Yes, my heart is broken. But I will never break up with the country I love.

So January 21st, 2017, I am going dancing and marching on The Mall once again. Dancing with my brothers and sisters of every description in The Women’s March on Washington.

Inauguration Day, Donald Trump, as much as I hate to say it will be the president. That I cannot change.

And I know that some people I know and care about voted for the man. I will never understand that but I care for them still.

But Trumpism’s appeal to and normalization of our basest instincts, I will endeavor my best not ever to abide.

Bigotry, misogyny, Islamophobia, anti-semitism, homophobia, White supremacy and nationalism are antithetical to the American way.

January 21st Donald Trump, president-elect will swear on the Holy Bible to protect, defend  and uphold the Constitution of these United States.

And with a broken heart, for the country I love,

daily, emphatically, fervently,

I will vow to do the same.

How about you?

Singularly yours,

The Rev: Joani



Politics Makes for Strange Bedfellows

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Looking for bromance?

It seems Trump and Putin have been playing footsie under the table.

Putin flirts with Trump and Trump’s heart is all aflutter.

Tweet, tweet, Vladimir, strong leader. So handsome, shirtless and mounted on your horse.

Of course, we have much in common.

So Trump, a rank neophyte narcissistically plays the game — courting the love of a KGB thug.

Don’t cry over me, Crimea. The Ukraine? Take it. It’s yours!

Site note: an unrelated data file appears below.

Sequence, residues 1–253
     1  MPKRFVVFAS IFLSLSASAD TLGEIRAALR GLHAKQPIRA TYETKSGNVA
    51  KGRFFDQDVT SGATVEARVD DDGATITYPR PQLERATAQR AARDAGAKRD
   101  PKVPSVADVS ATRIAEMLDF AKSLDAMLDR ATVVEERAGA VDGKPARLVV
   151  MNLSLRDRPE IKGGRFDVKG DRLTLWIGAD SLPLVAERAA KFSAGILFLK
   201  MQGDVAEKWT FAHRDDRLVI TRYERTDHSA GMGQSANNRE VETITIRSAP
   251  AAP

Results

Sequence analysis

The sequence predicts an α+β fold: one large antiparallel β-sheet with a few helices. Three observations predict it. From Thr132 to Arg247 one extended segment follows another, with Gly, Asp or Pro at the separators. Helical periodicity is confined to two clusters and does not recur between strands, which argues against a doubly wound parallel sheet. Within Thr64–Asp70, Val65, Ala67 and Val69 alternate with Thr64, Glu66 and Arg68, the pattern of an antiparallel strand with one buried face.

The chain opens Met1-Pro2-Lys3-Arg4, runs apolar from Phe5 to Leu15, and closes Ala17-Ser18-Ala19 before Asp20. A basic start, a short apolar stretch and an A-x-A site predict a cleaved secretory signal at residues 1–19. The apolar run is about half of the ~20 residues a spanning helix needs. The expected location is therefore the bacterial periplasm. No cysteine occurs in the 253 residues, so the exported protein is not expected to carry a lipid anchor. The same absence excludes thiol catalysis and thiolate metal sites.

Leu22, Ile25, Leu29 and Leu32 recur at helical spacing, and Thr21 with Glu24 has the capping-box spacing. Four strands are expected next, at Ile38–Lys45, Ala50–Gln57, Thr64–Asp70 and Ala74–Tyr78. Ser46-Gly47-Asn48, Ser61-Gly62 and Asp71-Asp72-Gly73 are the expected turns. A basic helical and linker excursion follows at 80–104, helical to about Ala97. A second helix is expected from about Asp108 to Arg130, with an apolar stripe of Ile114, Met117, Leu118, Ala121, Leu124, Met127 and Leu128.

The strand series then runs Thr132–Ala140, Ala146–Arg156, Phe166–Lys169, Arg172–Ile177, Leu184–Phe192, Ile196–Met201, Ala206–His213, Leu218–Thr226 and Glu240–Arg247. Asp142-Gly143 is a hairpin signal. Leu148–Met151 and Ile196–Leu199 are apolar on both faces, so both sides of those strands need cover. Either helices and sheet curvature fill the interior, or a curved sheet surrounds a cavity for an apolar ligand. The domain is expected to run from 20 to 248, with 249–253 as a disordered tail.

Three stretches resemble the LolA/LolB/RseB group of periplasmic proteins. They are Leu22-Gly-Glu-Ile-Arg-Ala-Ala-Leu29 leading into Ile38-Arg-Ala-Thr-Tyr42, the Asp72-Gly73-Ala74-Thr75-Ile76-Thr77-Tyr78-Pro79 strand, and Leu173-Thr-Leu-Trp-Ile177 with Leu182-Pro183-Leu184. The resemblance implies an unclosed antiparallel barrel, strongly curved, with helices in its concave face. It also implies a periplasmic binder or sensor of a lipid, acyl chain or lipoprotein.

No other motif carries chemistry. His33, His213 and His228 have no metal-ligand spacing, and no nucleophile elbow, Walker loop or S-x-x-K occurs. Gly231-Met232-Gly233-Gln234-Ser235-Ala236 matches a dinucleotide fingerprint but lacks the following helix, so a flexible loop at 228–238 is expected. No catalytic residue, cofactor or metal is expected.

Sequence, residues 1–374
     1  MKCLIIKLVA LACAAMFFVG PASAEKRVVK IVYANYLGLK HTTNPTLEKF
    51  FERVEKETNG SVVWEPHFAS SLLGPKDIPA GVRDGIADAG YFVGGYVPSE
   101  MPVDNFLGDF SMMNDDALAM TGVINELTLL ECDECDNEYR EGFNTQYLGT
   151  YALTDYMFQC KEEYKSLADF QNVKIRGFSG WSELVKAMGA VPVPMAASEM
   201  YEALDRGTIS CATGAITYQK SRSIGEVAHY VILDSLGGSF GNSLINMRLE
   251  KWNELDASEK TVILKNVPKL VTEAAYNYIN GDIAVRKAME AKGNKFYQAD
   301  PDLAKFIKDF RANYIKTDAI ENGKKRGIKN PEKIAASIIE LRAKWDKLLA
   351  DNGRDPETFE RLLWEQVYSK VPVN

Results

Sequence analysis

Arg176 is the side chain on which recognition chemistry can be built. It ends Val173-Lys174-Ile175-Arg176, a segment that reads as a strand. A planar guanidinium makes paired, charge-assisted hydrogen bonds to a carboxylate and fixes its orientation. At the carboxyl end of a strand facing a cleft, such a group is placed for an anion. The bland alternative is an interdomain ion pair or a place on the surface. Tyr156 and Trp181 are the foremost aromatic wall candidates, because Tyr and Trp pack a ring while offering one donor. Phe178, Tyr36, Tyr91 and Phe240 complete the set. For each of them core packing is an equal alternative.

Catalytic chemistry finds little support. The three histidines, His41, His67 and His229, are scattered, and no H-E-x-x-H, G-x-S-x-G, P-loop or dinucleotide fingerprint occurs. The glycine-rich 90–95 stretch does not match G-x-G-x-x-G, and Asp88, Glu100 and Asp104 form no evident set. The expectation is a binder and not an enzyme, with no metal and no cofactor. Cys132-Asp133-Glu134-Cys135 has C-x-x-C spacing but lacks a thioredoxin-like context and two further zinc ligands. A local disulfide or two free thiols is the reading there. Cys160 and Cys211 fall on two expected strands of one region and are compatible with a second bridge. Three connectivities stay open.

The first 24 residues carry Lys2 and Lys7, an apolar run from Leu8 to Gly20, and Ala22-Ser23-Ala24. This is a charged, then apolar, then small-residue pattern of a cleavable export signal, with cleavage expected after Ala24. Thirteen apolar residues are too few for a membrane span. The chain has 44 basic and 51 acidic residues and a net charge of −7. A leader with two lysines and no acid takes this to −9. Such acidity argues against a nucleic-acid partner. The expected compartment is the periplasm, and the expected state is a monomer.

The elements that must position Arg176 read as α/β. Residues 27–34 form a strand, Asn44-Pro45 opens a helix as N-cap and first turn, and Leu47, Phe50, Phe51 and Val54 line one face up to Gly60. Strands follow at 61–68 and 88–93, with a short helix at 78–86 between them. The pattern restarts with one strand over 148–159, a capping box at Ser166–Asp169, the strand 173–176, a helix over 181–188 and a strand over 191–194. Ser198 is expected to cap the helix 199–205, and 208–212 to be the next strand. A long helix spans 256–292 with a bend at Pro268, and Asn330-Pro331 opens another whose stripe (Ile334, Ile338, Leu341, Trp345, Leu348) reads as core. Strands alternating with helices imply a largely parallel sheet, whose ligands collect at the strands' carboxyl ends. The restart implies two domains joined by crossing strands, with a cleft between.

NATO? You’re right. Too expensive. We don’t need it. Where is Estonia anyway?

The DNC and Hillary? Hack away, hack away. The server is in the basement.

What we won’t do for love.

Setting up my dating profile, my matchmaker asks me about my politics.

Liberal.

Definitely liberal.

Bleeding heart liberal.

Definitely a Democrat.

And in a mate, what would I find simpatico?

Definitely similar but not necessarily the same.

So in addition to all the above I add:

Moderates.

Centrists.

Slightly right of center.

Libertarians and reasonable Republicans are also welcome to apply.

“But NO Trump supporters,” I emphatically reply.

That would be a bridge too far, beyond the pale. A Hillary-Donald ticket is bound to fail.

My religious preferences, I should note, were broader than my political ones. This lady vicar checked “yes” next to:

Jewish. Check.

Buddhist. Check.

Christian. Check.

Muslim. Check.

Mormon. Check.

Spiritual but not religious. Check.

Atheist and/or Agnostic. Check.

I drew the line, however, at what I considered the outer limits.

Fundamentalist. No check.

It seemed best to steer clear of extremes.

Which, of course, leads me back to Trump — or should I say “Trumpism” – a blind faith that many embrace with xenophobic zeal.

Here I draw my line in the sand, so gentleman, please, play the political card early in the game. In this election cycle, there is no easier way for me to separate the sheep from the goats.